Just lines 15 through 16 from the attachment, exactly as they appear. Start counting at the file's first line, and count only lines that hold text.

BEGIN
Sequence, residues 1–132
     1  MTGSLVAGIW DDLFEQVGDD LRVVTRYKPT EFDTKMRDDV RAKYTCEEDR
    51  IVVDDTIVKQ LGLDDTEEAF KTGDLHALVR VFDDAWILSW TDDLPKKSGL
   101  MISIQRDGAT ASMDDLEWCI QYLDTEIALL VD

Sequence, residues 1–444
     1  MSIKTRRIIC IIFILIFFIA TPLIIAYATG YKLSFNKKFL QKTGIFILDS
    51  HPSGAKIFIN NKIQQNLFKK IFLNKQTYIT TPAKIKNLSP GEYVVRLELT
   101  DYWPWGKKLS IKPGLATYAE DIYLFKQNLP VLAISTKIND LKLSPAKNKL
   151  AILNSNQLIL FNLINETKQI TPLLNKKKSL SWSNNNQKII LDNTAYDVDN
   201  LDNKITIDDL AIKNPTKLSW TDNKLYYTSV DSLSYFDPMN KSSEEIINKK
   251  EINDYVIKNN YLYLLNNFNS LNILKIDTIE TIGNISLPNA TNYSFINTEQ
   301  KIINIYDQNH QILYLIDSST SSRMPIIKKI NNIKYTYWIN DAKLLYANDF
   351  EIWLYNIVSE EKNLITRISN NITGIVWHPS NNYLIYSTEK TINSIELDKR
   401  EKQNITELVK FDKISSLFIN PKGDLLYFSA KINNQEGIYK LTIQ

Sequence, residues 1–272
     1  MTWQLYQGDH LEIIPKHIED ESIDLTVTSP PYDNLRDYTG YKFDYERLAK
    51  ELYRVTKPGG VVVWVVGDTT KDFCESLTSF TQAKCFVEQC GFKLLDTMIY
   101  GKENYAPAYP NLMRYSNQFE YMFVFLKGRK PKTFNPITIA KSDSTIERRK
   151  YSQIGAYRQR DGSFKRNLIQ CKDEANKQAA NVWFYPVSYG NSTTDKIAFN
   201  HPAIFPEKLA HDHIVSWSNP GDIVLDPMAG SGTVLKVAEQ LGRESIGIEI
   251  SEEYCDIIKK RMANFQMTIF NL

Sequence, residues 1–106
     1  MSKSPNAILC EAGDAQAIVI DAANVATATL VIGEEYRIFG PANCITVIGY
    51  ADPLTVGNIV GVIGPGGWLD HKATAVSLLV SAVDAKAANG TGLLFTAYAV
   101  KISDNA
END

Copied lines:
Sequence, residues 1–272
     1  MTWQLYQGDH LEIIPKHIED ESIDLTVTSP PYDNLRDYTG YKFDYERLAK